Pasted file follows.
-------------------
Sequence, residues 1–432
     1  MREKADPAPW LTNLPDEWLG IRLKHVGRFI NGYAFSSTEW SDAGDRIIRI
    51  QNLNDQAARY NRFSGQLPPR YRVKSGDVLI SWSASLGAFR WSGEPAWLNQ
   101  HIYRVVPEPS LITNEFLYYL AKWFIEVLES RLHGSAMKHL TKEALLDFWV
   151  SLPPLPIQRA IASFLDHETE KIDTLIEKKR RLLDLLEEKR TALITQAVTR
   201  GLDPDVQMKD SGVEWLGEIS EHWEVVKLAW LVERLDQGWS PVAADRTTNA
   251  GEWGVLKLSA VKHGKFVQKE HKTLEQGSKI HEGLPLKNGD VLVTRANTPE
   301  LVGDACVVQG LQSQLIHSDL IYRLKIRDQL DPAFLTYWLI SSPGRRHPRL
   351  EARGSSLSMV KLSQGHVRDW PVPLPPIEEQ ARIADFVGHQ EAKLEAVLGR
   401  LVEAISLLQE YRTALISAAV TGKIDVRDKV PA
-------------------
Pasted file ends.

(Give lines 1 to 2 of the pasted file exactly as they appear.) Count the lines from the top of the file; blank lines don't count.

Sequence, residues 1–432
     1  MREKADPAPW LTNLPDEWLG IRLKHVGRFI NGYAFSSTEW SDAGDRIIRI